From the vast, high-tech arena that was the Rose Bowl, the one-day caravan has shifted to the idyllic County Ground at Bristol, a venue set up as early at 1889 and one steeped in history.
It's a ground where the memory of WG Grace, Gilbert Jessop and Wally Hammond lives on, from an age where the sport was still an amateur pastime. There is a suite named after Jack Russell, the former England wicketkeeper, who was one of the most eccentric men to walk the cricket field. Temporary stands have been set up for this encounter and makeshift flood-lights arrangements are being put in place.
Narrow, winding streets provide an approach to the ground and locals say the route will be choc-a-block tomorrow. This miniature ground is lined with houses on one side and trees on the other. A thick edge is bound to fly over third man for six and, if the pitch plays true, the match could be a high-scoring one.
Twice in nine games has a score of more than 300 been seen here and India have been involved in both. The first was against Kenya in the 1999 World Cup when Sachin Tendulkar made an emotional hundred after returning from his father's funeral; the next was against Sri Lanka in the Natwest Series of 2002, when Tendulkar smashed another century in India's 63-run win. He batted at No. 4 in both instances. India will need something similar from him tomorrow, this time at No. 1.
Worringly for India, Tendulkar missed practice on the eve of the game along with Zaheer Khan, Ajit Agarkar, RP Singh and Yuvraj Singh, all of whom were suffering from flu and body ache. With Munaf Patel returning from injury, India find themselves heavily depleted at such an early stage of the series.
England are likely to stick to the same combination, one that ran away to an overwhelming win at the Rose Bowl. "There's a lot of energy in the side," said an upbeat Stuart Broad, England's opening bowler. "It's an exciting place to be playing. We had a great performance at the Rose Bowl. If we fulfil our potential, we're difficult to beat."
A fiery return for Andrew Flintoff added an potency to their side. Steaming in at more than 90mph and hitting the awkward middle length, he made life difficult for India's middle order. The fact that James Anderson and Broad teamed up for such a good combination first up made things easier. "Jimmy bowls a swingy length and I hit the pitch and get bounce," said Broad. "It's good to have such a combination. Certainly our aim is to bowl straight and [be] aggressive."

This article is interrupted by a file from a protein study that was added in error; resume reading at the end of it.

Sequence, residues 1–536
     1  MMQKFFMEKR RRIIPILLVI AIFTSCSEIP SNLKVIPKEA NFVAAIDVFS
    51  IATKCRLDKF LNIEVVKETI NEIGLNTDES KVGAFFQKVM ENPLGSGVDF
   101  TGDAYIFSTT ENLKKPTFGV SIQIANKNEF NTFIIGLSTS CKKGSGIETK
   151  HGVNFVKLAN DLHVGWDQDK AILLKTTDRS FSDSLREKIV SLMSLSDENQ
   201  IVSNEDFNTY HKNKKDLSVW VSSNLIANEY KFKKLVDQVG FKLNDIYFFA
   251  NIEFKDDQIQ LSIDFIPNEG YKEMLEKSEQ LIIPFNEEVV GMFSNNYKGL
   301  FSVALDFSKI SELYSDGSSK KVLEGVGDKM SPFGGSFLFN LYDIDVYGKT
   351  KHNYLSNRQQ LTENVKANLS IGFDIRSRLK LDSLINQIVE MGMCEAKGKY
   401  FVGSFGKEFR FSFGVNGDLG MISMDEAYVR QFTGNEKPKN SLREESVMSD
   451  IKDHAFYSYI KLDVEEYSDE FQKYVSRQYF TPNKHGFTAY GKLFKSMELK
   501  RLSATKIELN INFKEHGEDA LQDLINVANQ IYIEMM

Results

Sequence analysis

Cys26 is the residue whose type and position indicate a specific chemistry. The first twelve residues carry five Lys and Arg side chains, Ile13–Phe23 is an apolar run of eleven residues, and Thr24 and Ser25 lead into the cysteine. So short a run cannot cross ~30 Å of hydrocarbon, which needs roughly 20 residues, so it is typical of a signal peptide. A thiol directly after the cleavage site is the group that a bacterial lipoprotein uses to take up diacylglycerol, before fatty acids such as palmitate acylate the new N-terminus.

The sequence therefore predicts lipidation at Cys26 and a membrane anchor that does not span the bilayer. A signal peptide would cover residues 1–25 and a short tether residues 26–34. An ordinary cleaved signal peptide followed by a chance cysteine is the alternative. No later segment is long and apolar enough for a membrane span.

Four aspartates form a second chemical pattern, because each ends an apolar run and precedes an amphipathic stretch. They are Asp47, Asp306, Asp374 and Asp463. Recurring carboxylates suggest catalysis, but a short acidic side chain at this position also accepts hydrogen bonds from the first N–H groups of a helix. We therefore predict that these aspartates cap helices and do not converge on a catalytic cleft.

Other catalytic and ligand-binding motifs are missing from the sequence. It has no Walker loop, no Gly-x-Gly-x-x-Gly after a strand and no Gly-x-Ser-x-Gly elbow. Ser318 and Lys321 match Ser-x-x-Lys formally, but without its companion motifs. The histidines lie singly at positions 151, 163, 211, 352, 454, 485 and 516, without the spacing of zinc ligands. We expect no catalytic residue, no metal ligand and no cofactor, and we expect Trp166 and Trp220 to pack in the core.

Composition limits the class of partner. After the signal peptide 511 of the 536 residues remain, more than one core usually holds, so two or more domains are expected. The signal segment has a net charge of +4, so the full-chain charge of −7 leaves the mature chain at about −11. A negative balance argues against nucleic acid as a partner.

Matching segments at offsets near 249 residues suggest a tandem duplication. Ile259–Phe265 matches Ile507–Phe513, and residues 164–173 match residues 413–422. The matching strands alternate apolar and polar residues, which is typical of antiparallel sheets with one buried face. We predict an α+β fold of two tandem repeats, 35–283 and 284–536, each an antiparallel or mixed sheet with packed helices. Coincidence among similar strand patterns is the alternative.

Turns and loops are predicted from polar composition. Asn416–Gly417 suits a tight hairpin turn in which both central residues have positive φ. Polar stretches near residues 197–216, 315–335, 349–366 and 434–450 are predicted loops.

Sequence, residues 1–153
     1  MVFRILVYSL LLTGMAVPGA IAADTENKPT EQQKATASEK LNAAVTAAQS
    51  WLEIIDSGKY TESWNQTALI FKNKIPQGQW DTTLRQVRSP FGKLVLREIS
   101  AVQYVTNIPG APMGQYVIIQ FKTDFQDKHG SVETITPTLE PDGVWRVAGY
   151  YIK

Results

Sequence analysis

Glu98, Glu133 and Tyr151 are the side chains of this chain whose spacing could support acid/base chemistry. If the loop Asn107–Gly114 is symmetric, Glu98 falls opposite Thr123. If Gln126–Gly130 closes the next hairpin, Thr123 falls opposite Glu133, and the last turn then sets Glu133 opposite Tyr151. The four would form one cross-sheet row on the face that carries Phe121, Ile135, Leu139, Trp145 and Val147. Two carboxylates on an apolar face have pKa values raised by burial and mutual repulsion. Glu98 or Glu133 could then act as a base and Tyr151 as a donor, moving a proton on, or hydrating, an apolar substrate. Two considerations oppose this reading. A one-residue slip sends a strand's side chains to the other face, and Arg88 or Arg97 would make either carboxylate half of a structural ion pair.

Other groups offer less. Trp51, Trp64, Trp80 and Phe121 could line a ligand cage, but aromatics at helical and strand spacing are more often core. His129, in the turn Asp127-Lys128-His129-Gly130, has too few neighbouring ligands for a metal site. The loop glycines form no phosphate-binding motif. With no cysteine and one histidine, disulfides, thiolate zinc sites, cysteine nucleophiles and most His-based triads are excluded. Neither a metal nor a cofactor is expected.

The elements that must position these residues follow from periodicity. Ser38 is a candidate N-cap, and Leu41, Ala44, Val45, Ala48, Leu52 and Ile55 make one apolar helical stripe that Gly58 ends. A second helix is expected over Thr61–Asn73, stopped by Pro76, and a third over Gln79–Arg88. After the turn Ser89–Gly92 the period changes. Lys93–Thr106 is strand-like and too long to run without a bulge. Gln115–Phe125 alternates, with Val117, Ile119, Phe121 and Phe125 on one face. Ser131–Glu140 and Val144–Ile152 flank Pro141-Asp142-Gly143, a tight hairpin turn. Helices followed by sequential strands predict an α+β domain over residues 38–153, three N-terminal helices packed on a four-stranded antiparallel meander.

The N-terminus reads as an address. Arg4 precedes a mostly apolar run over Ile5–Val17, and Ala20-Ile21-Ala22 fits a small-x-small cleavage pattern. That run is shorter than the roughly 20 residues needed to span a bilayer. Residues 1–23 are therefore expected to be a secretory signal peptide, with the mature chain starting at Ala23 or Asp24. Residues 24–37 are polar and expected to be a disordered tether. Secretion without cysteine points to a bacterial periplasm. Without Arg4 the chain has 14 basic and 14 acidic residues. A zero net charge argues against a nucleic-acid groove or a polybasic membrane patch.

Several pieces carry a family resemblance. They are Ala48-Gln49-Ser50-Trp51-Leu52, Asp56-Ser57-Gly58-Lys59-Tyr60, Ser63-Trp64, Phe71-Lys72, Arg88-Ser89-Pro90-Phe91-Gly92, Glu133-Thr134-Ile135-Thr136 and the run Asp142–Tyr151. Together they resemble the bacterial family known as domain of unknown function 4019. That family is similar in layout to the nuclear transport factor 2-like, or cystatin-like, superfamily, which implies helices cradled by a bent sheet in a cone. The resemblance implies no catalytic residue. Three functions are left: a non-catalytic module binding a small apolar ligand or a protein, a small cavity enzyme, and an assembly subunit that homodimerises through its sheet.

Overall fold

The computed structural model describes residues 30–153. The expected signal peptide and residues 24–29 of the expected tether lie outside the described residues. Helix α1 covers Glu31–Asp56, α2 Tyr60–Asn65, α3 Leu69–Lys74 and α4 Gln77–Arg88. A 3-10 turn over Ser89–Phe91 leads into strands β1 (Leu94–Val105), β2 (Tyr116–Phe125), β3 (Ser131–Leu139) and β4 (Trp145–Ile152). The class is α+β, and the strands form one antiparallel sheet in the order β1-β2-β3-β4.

Rahul Dravid admitted that Gautam Gambhir's spot was under scrutiny, adding that he might miss out if they go with the five-bowlers option. "Like everyone else in this side, he has earned the right through performances," Dravid said. "When he goes back to domestic cricket he scores runs and must be given the opportunity. Whether he takes those chances or not is up to him. In Ireland he got a 70, did well in Scotland. He's got runs in all the side games between the Tests. Now it's up to him to stand up and make the jump."
India have a few factors to consider while picking their XI - the pitch, which the curator feels is "a 300 wicket" and the size of the ground, which is conspicuously small. It might be tricky playing two spinners here, especially with the 30-yard circle dangerously close to the boundary line at the pavilion end. One meaty hit is all it will take to clear the Hammond roof, the Grace pavilion, and the Jack Russell suite. Three legends floored with one stroke.
England (likely) 1 Alastair Cook, 2 Matt Prior (wk), 3 Ian Bell, 4 Kevin Pietersen, 5 Paul Collingwood (capt), 6 Andrew Flintoff, 7 Ravi Bopara, 8 Dimitri Mascarenhas, 9 Stuart Broad, 10 James Anderson,11 Monty Panesar
India (likely) 1 Sachin Tendulkar, 2 Sourav Ganguly, 3 Gautam Gambhir, 4 Yuvraj Singh, 5 Rahul Dravid (capt), 6 Mahendra Singh Dhoni (wk), 7 Dinesh Karthik, 8 Piyush Chawla, 9 Ajit Agarkar, 10 Zaheer Khan, 11 RP Singh.